Police officers are being accused of rape at a rate of one a week, the Bureau of Investigative Journalism and Channel 5 can reveal.
Over the past five years more than 300 officers have been reported for rape and 500 for sexual assault. Only ten of those accused of sexual assault have been convicted. The vast majority – 350 – are still working for the police.
“Holly”, a serving police officer who was raped by a colleague, said there was “simply not a chance that all 350 are innocent of the things they are accused of”. Her attacker was allowed to stay in the force for years until he was exposed by TBIJ. In the meantime Holly and others who had been attacked struggled to get the force to take their allegations seriously.
“If you made a complaint, you were painted as having serious ‘mental health issues’ or ‘attention seeking’,” she said. “It was like you had stepped back into the 1920s before all women even had the right to vote. The police took women's voices and silenced them.”
More than 250 police officers had been reported more than once for sexual offences. A dozen had more than five separate reports against their names.
The true numbers of accused officers are likely even higher. TBIJ’s data was compiled from FOI requests to every police force in the UK, but nine failed to provide full figures.
TBIJ has been tracking forces’ failure to deal with police perpetrated domestic abuse (PPDA) for the past five years. In particular, TBIJ has highlighted how forces let down victims and the public when they fail to properly investigate allegations against their own officers.
The murder of Sarah Everard by Wayne Couzens, a serving Met police officer who had been reported for exposing himself in public, showed how catastrophic the consequences of inaction on sexual offences can be. Two years on, however, there is little sign of wider reform.
In February this year David Carrick was sentenced to a minimum of 30 years in prison after admitting 24 counts of rape and sexual offences against 12 women while serving as a Met officer. He had been repeatedly reported for domestic abuse since joining the police in 2001, but those allegations had not been taken seriously.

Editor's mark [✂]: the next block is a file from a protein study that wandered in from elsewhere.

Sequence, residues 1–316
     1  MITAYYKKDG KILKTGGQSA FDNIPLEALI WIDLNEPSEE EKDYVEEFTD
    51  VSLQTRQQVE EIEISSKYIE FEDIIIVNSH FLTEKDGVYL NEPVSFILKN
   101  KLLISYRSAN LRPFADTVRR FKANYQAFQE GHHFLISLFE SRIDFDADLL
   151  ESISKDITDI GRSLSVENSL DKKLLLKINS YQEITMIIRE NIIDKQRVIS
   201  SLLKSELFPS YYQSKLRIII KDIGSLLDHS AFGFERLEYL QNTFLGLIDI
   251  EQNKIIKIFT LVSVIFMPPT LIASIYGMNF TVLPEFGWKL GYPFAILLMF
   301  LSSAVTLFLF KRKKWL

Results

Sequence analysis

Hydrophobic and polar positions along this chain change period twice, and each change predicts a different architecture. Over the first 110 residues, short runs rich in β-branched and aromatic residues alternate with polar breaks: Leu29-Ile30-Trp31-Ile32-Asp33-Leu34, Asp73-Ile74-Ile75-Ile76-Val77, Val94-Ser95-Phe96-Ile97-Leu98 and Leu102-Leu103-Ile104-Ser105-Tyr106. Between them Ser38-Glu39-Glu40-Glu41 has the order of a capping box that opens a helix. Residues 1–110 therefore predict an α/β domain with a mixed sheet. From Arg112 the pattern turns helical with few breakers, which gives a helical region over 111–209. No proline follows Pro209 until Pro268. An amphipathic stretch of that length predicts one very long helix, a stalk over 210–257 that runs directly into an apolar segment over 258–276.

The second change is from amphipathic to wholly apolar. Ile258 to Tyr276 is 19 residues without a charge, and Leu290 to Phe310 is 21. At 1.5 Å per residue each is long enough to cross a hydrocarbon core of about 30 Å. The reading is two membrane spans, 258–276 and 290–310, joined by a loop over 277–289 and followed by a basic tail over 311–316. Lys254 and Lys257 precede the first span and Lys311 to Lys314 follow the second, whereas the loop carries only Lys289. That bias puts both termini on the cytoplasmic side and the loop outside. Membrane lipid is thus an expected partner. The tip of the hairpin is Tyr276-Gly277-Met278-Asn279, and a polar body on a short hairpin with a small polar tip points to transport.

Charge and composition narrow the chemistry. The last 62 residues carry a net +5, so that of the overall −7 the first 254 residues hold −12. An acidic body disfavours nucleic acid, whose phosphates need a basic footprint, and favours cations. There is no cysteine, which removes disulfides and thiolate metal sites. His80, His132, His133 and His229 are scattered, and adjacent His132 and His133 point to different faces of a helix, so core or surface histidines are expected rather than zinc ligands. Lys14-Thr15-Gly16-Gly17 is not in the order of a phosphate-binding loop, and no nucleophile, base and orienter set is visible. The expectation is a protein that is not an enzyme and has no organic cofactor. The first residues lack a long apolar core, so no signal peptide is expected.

In TBIJ’s research, of the 375 officers and staff reported for domestic abuse in the past two years, more than three quarters are still working for the police.
In 2020 TBIJ worked with the Centre for Women’s Justice to submit a supercomplaint to police watchdogs. The Independent Office for Police Conduct, the College of Policing, and Her Majesty’s Inspectorate of Constabulary and Fire & Rescue Services responded with a joint report last year, admitting there were systemic weaknesses in how forces respond to allegations against their own people.
In particular they were “not always doing enough to ensure all PPDA cases are properly and impartially investigated”. In January the National Police Chiefs Council reported that most forces had agreed to improve procedures for dealing with PPDA. In March the Casey Review found the Met Police was institutionally misogynist, racist and homophobic.
Holly said the combination of the supercomplaint, the Carrick and Couzens cases and the Casey Review has started to shock the Met into change. Mandatory training has finally been introduced for managers. “People are unable to fully deny the misogyny, because our leaders aren’t letting them anymore,” she said. “A space has been created for people to feel more accountable for what they’re saying and what they’re doing. There is lots more to do, but the first steps have been taken and there is hope.”
Channel 5’s documentary Wayne Couzens: Killer in Plain Sight, which is partly based on this research, will be broadcast June 15 at 8pm.
Reporter: Sarah Haque and Meirion Jone
Fact checker: Andrew Wasley
Production: Frankie Goodway
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- Domestic violence